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MassResistance admits its side did terrible job in court; wishes they'd been even worse

by Jeremy Hooper

From the viciously anti-gay folks at MassResistance, the state group that's been focusing on marriage bans longer than any other state org:

Screen Shot 2013-06-27 At 5.46.32 Pm We are reluctant to sound unkind to the pro-family legal people who worked hard on these cases. But this is such a horrible outcome that something must be said.

Both of these cases suffered from an unaggressive and short-sighted approach that bordered on incompetence. The pro-family side did not present a credible case in either of these cases. They were deathly afraid that telling the truth about homosexuality might offend someone. By not effectively countering the absurd arguments and assumptions by the homosexual movement, they made it easy for the judges to rule as they did.

The handling of the [Prop 8 case] was so bad that the Federal District Court judge -- the "out" homosexual -- rebuked the pro-family lawyers for the lack of evidence they presented! It was almost as if the judge had no choice but to rule against us, based on what he had to work with.

When it got to the Supreme Court, it was no better. Our lawyers gave no credible reasons why same-sex couples should be treated differently, nor did they point to the immorality or destructiveness of that "lifestyle".

The DOMA case was even worse. Issues such as the morality of homosexuality, the perversion of the behavior itself, the absurd "equality" of homosexual relationships to heterosexual relationships, the bizarre effects on children having "two dads", and the overwhelming medical and psychological problems associated with homosexuality were the underlying reasons for the law's original passage. These are all legitimate issues. But the pro-family lawyers were afraid to use these arguments.
The cowardly nature of the pro-family movement has wrought terrible consequences and continues to be a huge problem. The DOMA case represents the tip of the iceberg. This unwillingness to address the underlying issue of homosexuality itself -- the behavior, its associated health risks, the profound moral issues, and the "born gay" myth -- gives that movement free rein to continue its march through our institutions.
Analysis of DOMA and Prop 8 Supreme Court rulings: What happened and why -- and what's next [MassResistance]

I give MassResistance some honesty points here. They are one of the very few conservative groups willing to come out against the giants of their movement and state the obvious about their side's poor performance. The defenders of discrimination presented laughably bad cases, from beginning to end, in a way that shocked even some of us on the pro-equality side.

But of course MR is also laughably wrong in saying that going totally, absolutely, nakedly anti-gay (/pro-"ex-gay") would have made things better for them. In fact, if they had presented a full-on onslaught against LGBT people and our welfare, based on the egregious lies and unsupportable "science" of groups like MassResistance, I'm fairly confident we would have gotten a broad, sweeping ruling that gave us marriage equality nationwide. It would be really hard for even an Alito or Thomas to defend the kind of "gays are terrible and need to 'change'" case that MassResistance wanted to make. It's just a silly suggestion with no finger on the pulse of various realities (as much as I and my popcorn bag would have LOVED it).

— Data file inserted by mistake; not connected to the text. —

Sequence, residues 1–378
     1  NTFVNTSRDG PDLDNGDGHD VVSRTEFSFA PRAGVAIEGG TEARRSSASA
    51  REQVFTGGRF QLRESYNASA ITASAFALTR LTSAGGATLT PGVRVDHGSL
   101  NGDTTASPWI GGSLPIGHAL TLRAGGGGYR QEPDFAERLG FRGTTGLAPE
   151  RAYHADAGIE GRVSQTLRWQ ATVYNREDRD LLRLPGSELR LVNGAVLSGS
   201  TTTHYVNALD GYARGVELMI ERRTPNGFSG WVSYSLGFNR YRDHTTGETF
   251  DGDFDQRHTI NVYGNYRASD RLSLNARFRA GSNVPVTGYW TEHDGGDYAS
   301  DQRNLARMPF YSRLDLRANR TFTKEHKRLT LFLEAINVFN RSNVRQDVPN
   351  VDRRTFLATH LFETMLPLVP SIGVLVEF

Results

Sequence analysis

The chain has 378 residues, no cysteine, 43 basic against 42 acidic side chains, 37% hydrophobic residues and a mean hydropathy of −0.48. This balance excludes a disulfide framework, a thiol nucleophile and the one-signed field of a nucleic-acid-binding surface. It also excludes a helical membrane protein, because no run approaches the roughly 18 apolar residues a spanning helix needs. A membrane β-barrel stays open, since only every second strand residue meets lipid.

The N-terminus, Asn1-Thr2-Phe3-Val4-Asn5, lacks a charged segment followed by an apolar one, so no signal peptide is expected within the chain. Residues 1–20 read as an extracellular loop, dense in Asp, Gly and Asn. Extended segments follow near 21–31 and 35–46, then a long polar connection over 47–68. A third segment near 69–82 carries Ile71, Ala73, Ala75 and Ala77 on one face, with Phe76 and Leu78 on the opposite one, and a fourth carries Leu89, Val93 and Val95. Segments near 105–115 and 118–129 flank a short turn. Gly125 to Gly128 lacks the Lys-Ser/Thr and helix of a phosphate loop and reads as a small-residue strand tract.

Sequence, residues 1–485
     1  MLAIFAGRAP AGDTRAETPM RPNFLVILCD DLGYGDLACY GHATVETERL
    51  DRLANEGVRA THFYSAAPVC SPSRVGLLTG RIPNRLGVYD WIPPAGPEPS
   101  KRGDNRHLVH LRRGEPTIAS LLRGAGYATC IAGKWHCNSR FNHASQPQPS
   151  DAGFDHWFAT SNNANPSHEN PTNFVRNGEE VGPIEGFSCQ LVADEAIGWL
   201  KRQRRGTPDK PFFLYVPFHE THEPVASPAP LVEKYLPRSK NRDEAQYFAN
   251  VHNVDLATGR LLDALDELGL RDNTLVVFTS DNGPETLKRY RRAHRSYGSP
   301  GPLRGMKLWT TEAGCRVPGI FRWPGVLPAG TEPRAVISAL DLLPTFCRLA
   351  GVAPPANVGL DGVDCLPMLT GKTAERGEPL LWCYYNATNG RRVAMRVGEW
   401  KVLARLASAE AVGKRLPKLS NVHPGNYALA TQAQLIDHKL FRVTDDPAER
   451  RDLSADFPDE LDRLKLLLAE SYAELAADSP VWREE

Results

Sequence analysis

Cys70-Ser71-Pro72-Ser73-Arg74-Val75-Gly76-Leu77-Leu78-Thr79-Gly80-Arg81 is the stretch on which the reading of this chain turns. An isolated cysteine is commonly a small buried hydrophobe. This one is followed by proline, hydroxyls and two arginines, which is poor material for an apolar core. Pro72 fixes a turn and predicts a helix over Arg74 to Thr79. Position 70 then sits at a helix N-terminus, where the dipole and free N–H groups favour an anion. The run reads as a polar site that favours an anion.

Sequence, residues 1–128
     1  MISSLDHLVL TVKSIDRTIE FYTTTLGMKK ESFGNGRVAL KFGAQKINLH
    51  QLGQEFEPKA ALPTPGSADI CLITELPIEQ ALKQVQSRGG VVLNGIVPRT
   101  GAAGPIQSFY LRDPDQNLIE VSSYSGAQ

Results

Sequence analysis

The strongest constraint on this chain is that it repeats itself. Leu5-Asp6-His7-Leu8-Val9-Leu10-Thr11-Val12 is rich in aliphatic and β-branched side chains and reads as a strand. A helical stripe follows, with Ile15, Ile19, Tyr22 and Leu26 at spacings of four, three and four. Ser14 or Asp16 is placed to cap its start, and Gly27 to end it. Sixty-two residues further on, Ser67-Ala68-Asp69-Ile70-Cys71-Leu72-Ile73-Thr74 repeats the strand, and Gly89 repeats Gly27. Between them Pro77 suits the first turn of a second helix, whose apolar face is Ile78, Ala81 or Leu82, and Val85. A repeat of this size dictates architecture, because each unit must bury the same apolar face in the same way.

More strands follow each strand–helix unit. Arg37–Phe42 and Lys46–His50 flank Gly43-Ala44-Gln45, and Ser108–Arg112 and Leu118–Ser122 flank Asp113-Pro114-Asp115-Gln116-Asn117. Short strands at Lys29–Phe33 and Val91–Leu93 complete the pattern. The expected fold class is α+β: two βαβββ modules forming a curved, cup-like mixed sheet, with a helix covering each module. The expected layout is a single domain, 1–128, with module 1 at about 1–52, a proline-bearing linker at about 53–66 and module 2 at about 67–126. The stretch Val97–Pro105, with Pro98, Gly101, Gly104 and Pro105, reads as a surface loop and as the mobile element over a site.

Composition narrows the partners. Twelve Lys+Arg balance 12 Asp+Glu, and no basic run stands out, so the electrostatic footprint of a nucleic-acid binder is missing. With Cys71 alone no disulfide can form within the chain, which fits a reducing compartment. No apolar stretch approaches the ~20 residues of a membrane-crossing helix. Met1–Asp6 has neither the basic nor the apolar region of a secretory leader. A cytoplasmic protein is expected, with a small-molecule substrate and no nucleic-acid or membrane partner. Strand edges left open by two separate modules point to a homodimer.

So MassResistance is right that the case they did make was horrible, but MassResistance is wrong is thinking they knew the better path. This speaks to the ultimate truth, which is that the anti-LGBT side simply had no better path. They couldn't show animus, because they knew from the beginning that it would (and ultimately did) lead to loss. But at the same time, the carefully workshopped language of groups like NOM and the Alliance Defending Freedom, while able to score some points in the political space, is not something they can force a court, built as it is around scrutiny, to just accept at face value. The masterminds behind these fights tried the latter because it was about all they had, but all it managed to do was show the flimsiness of their movement's card-house. Adding a dash of anti-gay hot pepper to the mix would have only made things worse (for them). They were damned if they denounced; they were damned if they didn't.

And this is all going to be even more so as time goes by. There is no logical way this fight gets any easier for them. Precedents are being set every day. Thousands more people are getting marriage rights every day. Those of us who have already been lucky enough to marry are now going to receive federal parity. The polls are turning, and the likelihood of a future court going more conservative grows narrower with every GOP misstep. This was their biggest shot—and they truly blew it.

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